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Career Information: Firefighter

— U.S. Bureau of Labor Statistics
Updated on Mar 13, 2010

What is this job like?     

Every year, fires take many lives and destroy billions of dollars worth of property. Firefighters help protect people and property. They are often the first at an accident or emergency.

Firefighters put out fires, which is not as simple as it may sound. Fighting fires is dangerous and complex, and it takes organization and teamwork.

Firefighters also save people who are trapped in burning buildings.

They treat people who are hurt or ill, both at fires and in other situations. In fact, most calls that firefighters respond to involve medical emergencies.

In between alarms, firefighters must clean and repair their equipment. They practice firefighting skills, and they may perform fire inspections. They exercise to keep fit.

Some firefighters work at airports or in factories. Others work in forests and rural areas. Special firefighters, called smoke jumpers, fight forest fires. They parachute from airplanes to remote areas.

Fire marshals and fire inspectors work to prevent fires. They conduct building inspections. They make sure that laws about fire safety are followed. They also work with builders and city planners. They often visit schools to teach fire safety.

Fire investigators study fires to see how they started. They collect evidence from the scene and talk to witnesses.

Firefighters live at fire stations much of the time. Most fire stations have living rooms, kitchens, and bedrooms. When the alarm sounds, firefighters must respond rapidly.

Firefighting is dangerous work. During a fire, floors can cave in and walls can topple. Flames and smoke can burn or kill. Firefighters may come in contact with poisonous gases or other hazardous materials. To protect themselves, firefighters wear protective gear. The gear can be heavy and hot.

Many firefighters work more than 50 hours a week. Some are on duty for 24 hours straight. Then, they get 48 hours off. They also get another day off on a regular basis. Others work a 10-hour day shift for 3 or 4 days. Then, they work a 14-hour night shift for 3 or 4 nights and have 3 or 4 days off.

How do you get ready?    

Usually, firefighters take a written test and tests of strength, coordination, and agility. Firefighters have to be healthy.

Classes in fire science at a community college may help people get a job. Now, more firefighters go to college.

New firefighters often train at a special school. They learn to prevent fires. They study how to put out fires. They learn how to use axes, chain saws, fire extinguishers, ladders, and other tools. They study local building codes and emergency medical procedures, such as first aid. After completing this training, they are assigned to a fire station.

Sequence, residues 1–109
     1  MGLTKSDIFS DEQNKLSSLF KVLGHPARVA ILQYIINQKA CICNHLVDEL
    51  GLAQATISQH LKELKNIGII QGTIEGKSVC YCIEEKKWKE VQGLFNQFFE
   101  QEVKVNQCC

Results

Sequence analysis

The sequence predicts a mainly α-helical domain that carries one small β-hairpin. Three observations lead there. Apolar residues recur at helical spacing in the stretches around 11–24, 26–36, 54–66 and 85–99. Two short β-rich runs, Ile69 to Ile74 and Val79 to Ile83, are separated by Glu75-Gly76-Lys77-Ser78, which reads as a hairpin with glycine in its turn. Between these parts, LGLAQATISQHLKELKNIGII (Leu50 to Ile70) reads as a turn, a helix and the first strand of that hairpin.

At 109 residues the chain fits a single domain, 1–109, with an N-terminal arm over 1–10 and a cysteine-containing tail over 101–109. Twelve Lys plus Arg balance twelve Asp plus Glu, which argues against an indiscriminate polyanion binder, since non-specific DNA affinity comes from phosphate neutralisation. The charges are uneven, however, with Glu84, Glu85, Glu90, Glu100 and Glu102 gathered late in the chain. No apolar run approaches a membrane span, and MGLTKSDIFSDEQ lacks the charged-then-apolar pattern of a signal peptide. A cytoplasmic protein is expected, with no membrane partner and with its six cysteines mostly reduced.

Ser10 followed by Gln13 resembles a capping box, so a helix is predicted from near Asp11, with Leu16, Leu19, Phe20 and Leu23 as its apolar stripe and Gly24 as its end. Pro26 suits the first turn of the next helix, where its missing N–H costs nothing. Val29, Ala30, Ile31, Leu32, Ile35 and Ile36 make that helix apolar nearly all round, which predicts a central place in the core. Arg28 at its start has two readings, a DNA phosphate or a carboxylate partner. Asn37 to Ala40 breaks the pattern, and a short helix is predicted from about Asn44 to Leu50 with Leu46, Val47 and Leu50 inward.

Firefighters need to be alert and self-disciplined. Firefighters should be brave and strong. Being good with machines is important, too. A firefighter makes quick decisions, so good judgment is important. They must be able to get along well with others because they live and work closely together.

How much does this job pay?  

In 2006, the middle half of all firefighters earned between $29,550 and $54,120 annually. The lowest-paid 10 percent earned less than $20,660. The highest-paid 10 percent earned more than $66,140.

Firefighting supervisors and managers and fire inspectors earned more.

How many jobs are there?    

Paid firefighters held about 293,000 jobs in 2006. This number does not include volunteer firefighters. In some areas, there are more volunteer firefighters than paid ones.

There were about 52,000 supervisors and managers of firefighters. Fire inspectors numbered about 14,000.

What about the future?  

The number of firefighters is expected to grow about as fast as the average for all occupations through 2016. Most job growth will come from volunteer positions becoming paid jobs. A larger population will also need more firefighting and medical help.

But there will be strong competition for jobs. Many people want to become firefighters because it is challenging and it gives them a chance to help others.

Are there other jobs like this?   

  • Emergency medical technicians and paramedics
  • Police officers

Where can you find more information? 

More BLS information about firefighting occupations can be found in the Occupational Outlook Handbook. The Handbook also shows where to find out even more about this job.

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